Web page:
The Insolvency and Bankruptcy Code, 2016 (IBC)
Published: Apr 20, 2017
FEATURES AND INSTITUTIONAL SETUP
The Insolvency and Bankruptcy Code, 2016 (IBC) was passed by the Parliament on 11 May 2016, received Presidential assent on 28 May 2016 and was notified in the official gazette on the same day. IBC aims to consolidate and amend the laws relating to reorganization and insolvency resolution of corporate persons, partnership firms and individuals in a time bound manner for maximization of value of assets of such persons, to promote entrepreneurship, availability of credit and balance the interests of all the stakeholders including alteration in the order of priority of payment of Government dues and to establish an Insolvency and Bankruptcy Board of India, and for matters connected therewith or incidental thereto.
This act has an overriding effect on multiple laws for the recovery of debts and insolvency and liquidation process like Chapter XIX & Chapter XX of Companies Act, 2013, Chapter XIX & Chapter XX of Companies Act, 2013, RDDBFI Act, 1993, SARFAESI Act, 2002, SICA Act, 1985, The Presidency Towns Insolvency Act, 1909, The Provincial Insolvency Act, 1920, Chapter XIII of the LLP Act, 2008 .
All these laws were inadequate to provide a single clearance or single window resolution system and many a time authorities with different jurisdiction and agencies overlapped and resulted in delayed case solving process and further complexities.
This article covers the key features or requirement of Act and framework of Act.
Key features of the IBC are:
• The code would have an overriding effect on all other laws relating to Insolvency &Bankruptcy. This code includes all persons including corporate, individuals, partnership firms and LLPs as well, however it shall not be applicable to corporate persons who are regulated financial service providers like Banks, Financial Institution (FIs) and Insurance Companies .
• IBC aims at consolidating all existing insolvency related laws as well as amending multiple legislation including the Companies Act. The code has replaced multiple laws covering the recovery of debts and insolvency and liquidation process and provides single window clearance to all the matters pertaining to insolvency and bankruptcy and applicant gets the appropriate relief at the same authority unlike earlier position of law where laws and authorities overlapped each other.
• The code aims to resolve insolvencies in a strict time-bound manner - the evaluation and viability determination must be completed within 180 days. The code provides fixed time frame for insolvency matters for companies and individuals. The process is to be completed within 180 days (Moratorium period) and will be extended by 90 days more. So the matters have to be resolved in not more that 270 days. Also there is a fast-track resolution process for corporate insolvency in 90 days and if it cannot be resolved assets of borrower can be sold in order to repay the creditors.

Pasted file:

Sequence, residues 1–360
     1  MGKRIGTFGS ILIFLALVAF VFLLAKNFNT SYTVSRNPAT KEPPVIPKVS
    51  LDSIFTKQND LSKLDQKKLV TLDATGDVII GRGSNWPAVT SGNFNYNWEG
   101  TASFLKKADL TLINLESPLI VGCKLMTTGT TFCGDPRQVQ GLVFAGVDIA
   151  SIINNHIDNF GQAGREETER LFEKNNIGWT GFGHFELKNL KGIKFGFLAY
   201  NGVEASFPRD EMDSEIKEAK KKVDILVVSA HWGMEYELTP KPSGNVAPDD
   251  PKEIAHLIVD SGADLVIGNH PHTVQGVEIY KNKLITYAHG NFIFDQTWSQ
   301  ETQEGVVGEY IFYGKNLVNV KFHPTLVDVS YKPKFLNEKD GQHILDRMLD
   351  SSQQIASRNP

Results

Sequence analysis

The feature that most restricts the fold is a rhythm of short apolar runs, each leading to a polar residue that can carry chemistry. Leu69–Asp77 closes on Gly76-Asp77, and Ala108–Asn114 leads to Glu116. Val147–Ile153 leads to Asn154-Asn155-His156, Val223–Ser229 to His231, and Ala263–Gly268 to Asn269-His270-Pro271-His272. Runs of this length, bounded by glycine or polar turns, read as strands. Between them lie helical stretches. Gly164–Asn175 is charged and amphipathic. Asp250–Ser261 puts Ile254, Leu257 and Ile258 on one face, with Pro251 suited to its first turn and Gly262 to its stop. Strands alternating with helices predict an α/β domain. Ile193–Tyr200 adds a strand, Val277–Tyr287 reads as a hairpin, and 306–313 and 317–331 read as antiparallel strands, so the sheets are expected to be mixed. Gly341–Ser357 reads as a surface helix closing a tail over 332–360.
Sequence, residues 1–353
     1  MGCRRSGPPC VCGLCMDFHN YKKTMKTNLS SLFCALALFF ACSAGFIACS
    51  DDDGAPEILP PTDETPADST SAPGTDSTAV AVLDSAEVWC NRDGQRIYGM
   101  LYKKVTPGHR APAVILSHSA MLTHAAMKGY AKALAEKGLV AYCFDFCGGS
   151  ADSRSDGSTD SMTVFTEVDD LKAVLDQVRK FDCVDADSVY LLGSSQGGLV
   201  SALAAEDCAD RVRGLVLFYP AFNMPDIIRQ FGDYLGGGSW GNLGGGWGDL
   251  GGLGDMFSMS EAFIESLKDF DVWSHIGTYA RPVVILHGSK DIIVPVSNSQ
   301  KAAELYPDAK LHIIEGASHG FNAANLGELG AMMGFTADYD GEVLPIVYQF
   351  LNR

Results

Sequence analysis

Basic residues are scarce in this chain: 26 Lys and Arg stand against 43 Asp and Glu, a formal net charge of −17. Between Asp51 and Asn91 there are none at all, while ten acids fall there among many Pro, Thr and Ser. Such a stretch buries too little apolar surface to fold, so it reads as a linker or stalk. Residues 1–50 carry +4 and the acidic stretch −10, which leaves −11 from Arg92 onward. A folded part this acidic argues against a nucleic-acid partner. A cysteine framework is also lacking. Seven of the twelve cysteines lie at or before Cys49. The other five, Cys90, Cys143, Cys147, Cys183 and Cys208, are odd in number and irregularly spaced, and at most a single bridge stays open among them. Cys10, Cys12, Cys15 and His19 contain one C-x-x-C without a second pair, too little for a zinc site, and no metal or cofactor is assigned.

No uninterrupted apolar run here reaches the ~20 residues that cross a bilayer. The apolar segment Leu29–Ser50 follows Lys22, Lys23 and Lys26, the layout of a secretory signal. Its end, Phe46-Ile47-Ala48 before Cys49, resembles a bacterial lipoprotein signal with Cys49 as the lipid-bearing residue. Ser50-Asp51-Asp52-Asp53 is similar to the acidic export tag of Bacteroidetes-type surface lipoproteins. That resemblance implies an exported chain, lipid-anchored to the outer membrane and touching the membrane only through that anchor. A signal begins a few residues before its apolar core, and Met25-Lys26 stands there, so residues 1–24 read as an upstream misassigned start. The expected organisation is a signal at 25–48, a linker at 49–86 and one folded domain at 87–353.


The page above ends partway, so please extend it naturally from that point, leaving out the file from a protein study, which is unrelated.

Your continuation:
• Insolvency professionals to take over the management of the Company. IBC proposes a paradigm shift from the existing ‘Debtor in possession' to a ‘Creditor in control' regime.
• There is a simple and clear Framework of authorities under the Act. The National Company Law Tribunal (NCLT) will adjudicate insolvency resolution for companies and Debt Recovery Tribunal (DRT) will adjudicate insolvency resolution for individual.
• Sets clearly order of priority at the time of liquidation i.e.
• Insolvency related costs
• Secured creditors and workmen dues up to 24 months
• Other employee's salaries/dues up to 12 months
• Financial debts (unsecured creditors)
• Government dues (up to 2 years)
• Any remaining debts and dues
Institutional Setup under IEC
The Act provides a time bound process for speedy disposal of the matters and for maximization of value of assets, promotes entrepreneurship, improves ease of doing business and also protects the interest of workman and employees. It provides a base to create a good environment for business and benefit to all. The Implementation of any law not only depends on good framework of law but also on effective and efficient functioning of institutions involved in the administration and execution of the same. The IBC is based on five pillars and they are:
IBB - Insolvency and Bankruptcy Board of India- This is the apex body for regulating, promoting transparency & governance in the administration of the IBC; will be involved in setting up the infrastructure and accrediting IPs & IUs; also perform legislative, quasi-judicial function with respect to IPs & IUs and IPAs.
IUs - Information Utilities: This is the centralized depository of financial and credit information of borrowers; would collect, collate and disseminate financial data provided by creditors.
IPs - Insolvency professional - The persons enrolled with IPA and regulated by Board and IPA will conduct resolution process; to act as Liquidator/ bankruptcy trustee; appointed by creditors and override the powers of board of directors. The role of IP includes a wide range of function which includes adhering to procedure of law, accounting as well as finance related functions.
Adjudicating authority (AA) - This would be the NCLT for corporate insolvency; to entertain or dispose any insolvency application, approve/ reject resolution plans, decide in respect of claims or matters of law/ facts thereof.
IPA - Insolvency Professional Agencies - This is registered by the board and shall enroll IPs as its members in accordance with the Insolvency and Bankruptcy Code, 2016 read with its regulations.
Conclusion: The IBC is not only a well-drafted law but also has a strong institutional set up.
(Author is a Practicing Company Secretary)